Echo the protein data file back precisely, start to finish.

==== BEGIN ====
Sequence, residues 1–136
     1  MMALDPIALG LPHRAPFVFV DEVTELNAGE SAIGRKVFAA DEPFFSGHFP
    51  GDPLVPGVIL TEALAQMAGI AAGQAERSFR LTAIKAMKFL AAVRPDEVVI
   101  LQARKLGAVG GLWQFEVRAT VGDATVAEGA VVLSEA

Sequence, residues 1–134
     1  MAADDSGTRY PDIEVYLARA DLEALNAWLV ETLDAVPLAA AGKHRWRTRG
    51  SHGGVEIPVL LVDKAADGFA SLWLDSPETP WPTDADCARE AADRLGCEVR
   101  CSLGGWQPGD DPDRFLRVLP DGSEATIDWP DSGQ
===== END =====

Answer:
Sequence, residues 1–136
     1  MMALDPIALG LPHRAPFVFV DEVTELNAGE SAIGRKVFAA DEPFFSGHFP
    51  GDPLVPGVIL TEALAQMAGI AAGQAERSFR LTAIKAMKFL AAVRPDEVVI
   101  LQARKLGAVG GLWQFEVRAT VGDATVAEGA VVLSEA

Sequence, residues 1–134
     1  MAADDSGTRY PDIEVYLARA DLEALNAWLV ETLDAVPLAA AGKHRWRTRG
    51  SHGGVEIPVL LVDKAADGFA SLWLDSPETP WPTDADCARE AADRLGCEVR
   101  CSLGGWQPGD DPDRFLRVLP DGSEATIDWP DSGQ